A future proof reality needs a consolidation

From 1990 onwards the ecological issues got a partner which had until that time lived a bit in the shadow: health issues. More and more adults and even more children appeared to suffer from ailments which were known before, but were not widespread. To name just three amongst them: food intolerance, allergies and ADHD (Attention-Deficit/Hyperactivity Disorder).  What they have in common is that their diagnosis is not easy, their causes uncertain and their healing difficult. One could ask oneself if they are not symptoms of an increasing inability of the human immune system to react properly on external stimuli. When so, there must be a link with an environment which is increasingly hostile to the human being: pollution of soil, water, air, light as well as climate disturbances and their multiple dysfunctionalities, and our hectic and hasty way of living.

As a consequence the public attention shifted slowly from just ecological issues onto a twinhood: the interdependence between ecology and human health. At the same time, quite a number of companies that had on their own initiative upgraded their products or services to a more sustainable status tried to consolidate their businesses and keep them viable. That was not an easy task, as was ultimately shown in the financial crisis of 2008.
Offering sustainable products or services in the spirit of the Brundtland report, and proactively working on a sustainable company profile, is not a simple task either. I often compared it to sailing, while at the same time building the boat on which you sail. You need an open mind, creativity, a strong societal engagement – and a lot of courage. And perhaps the most important element: say what you do and do what you say, or: walk the talk.

In those years I was concept manager for one of the most successful companies in sustainable detergents worldwide and I had the luxury to work along these ideas every day. The company had earned a high credibility and was well respected by the private customers. Not only by them: the suppliers, NGO’s and even many competitors looked with admiration upon its achievements. That was kind of a showcase which gave me the possibility later on to assist other companies in re-profiling their concepts. What is needed to turn a company in a future proof one is a change of paradigm. A paradigm is a distinct set of concepts and standards which are acceptable to the largest part of humanity. The actual economical paradigm is – to put it brutally – that a company is there to make money and that in doing so, it should grow forever. It’s obvious that neither Planet Earth, nor human health and well being are a substantial part of this paradigm. When we want to be future proof we need to act in a sustainable way in each and any of the activities we engage in. We cannot just grab any earthly substance without hindsight; we cannot let a chemical hell loose to transform it; we cannot neglect the precarious status of our customers’s health; we cannot dump a product in the market without taking responsibility for it; this customer cannot wish to buy good products for peanuts; we cannot altogether generate mountains of waste that will hamper our descendants for a long time, or deprive them from energy and raw materials.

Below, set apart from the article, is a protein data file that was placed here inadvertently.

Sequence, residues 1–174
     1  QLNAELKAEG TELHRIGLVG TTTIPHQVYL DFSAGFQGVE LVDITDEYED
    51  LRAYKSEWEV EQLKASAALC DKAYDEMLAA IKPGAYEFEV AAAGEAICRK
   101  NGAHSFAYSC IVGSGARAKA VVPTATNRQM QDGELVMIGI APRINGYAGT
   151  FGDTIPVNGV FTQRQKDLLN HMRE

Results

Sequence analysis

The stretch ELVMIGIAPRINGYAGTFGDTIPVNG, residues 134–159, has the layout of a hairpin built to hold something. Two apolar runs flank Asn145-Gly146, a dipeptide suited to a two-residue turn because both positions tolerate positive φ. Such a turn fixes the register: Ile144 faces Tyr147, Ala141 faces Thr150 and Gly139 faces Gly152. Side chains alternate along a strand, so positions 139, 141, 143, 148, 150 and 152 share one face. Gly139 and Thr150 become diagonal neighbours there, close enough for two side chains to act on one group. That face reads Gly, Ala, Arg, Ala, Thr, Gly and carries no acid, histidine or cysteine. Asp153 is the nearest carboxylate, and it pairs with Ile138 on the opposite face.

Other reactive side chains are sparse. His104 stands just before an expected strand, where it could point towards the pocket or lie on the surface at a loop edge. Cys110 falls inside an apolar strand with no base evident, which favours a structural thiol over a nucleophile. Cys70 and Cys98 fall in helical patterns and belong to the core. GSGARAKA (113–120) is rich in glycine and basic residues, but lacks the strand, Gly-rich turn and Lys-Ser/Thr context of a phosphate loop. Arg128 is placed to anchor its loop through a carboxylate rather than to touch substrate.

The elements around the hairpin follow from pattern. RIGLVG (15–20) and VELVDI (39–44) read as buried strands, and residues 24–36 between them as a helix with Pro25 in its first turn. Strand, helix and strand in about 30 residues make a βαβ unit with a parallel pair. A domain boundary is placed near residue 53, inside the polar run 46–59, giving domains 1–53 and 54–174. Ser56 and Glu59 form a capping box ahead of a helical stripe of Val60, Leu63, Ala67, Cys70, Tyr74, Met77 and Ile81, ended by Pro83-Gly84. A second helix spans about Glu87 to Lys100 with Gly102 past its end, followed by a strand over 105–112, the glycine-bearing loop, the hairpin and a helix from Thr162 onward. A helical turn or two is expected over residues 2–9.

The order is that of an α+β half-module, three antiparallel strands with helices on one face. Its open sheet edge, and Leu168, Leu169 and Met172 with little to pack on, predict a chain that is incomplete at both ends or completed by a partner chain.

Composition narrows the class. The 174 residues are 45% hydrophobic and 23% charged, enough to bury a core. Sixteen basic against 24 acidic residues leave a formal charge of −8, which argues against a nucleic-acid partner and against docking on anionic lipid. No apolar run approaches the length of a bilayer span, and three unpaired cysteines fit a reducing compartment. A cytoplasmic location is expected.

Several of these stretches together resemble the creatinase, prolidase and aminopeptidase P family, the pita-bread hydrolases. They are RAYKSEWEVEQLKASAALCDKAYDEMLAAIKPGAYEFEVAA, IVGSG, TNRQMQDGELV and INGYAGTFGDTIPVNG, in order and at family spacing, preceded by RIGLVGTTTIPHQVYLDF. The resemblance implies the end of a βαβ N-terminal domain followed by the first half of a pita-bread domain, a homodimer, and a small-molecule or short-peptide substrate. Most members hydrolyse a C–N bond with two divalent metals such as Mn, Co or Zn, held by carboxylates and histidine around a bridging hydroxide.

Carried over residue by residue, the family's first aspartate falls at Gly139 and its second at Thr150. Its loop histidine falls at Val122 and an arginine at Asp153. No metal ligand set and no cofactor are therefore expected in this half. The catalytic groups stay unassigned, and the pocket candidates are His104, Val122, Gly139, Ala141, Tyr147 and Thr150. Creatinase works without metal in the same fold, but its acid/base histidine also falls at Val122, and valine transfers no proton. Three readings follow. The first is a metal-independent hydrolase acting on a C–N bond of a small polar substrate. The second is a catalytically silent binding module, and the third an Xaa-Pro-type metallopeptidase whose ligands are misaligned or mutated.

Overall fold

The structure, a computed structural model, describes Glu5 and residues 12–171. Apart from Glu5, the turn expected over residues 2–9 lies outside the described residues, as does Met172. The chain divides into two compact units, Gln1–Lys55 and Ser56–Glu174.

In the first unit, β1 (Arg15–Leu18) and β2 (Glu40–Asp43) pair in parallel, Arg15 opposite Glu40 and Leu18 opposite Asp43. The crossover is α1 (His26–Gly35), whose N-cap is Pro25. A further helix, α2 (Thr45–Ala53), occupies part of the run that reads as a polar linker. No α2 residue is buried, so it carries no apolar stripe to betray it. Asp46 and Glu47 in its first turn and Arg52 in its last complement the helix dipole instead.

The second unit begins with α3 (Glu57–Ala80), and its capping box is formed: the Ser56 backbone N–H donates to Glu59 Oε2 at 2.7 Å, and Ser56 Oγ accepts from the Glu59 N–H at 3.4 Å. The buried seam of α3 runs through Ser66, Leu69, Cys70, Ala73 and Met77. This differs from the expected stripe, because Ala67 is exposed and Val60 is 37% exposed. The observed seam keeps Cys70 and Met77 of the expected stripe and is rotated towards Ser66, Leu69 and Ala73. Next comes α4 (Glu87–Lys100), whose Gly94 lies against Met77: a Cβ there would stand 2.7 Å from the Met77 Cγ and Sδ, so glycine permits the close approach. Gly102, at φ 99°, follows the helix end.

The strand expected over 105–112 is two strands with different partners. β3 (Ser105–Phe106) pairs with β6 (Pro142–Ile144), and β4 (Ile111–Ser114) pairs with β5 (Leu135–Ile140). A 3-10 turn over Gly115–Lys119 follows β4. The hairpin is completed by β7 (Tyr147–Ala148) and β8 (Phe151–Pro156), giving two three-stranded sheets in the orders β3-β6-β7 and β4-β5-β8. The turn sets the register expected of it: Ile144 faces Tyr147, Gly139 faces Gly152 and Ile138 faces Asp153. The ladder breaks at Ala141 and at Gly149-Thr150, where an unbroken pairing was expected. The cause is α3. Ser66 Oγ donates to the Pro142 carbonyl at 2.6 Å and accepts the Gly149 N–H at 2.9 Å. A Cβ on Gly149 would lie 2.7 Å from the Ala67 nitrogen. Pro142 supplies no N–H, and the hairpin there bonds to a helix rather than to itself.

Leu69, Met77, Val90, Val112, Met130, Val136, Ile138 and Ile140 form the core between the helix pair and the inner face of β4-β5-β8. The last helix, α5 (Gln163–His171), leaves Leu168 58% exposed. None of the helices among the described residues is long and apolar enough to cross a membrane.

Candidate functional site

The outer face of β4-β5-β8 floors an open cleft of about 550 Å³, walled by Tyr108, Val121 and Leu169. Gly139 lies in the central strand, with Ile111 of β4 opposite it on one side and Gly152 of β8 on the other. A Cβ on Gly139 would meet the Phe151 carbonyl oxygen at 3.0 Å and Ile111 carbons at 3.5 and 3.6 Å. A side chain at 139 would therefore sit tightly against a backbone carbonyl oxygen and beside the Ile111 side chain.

All this has to be part of a new paradigm that we will have to develop, not by revolution, but by evolution. Inevitably this will ask for compromises, which many deep green people will not like; however, there is no other possibility to get there. For too long we have omitted to put effort and money in sustainable innovation; roughly spoken, hardly anything has been done after WW1, which was a century ago. The era of fossil raw materials (coal, oil, uranium) has ended already, what we experience today are just its last convulsions. We have to catch up and explore once more all of the many interesting and challenging possibilities we have put aside as not viable. Let’s join forces, researchers, producers and users of products and services and let’s try in common effort to create a situation, to make a future in which our children and grandchildren will still have the possibility to live.

The expert

Peter Malaise

Ricercatore belga e consulente per la sostenibilità dal 1972, è fondatore e Amministratore Delegato di Meta Consort Partnership, che aiuta le imprese e le ONG a livello mondiale nello sviluppo pratico di prodotti e servizi su base sostenibile. Nel 1976 Peter ha co-fondato Meta Fellowship, organizzazione no-profit per lo sviluppo e la promozione di “soluzioni…


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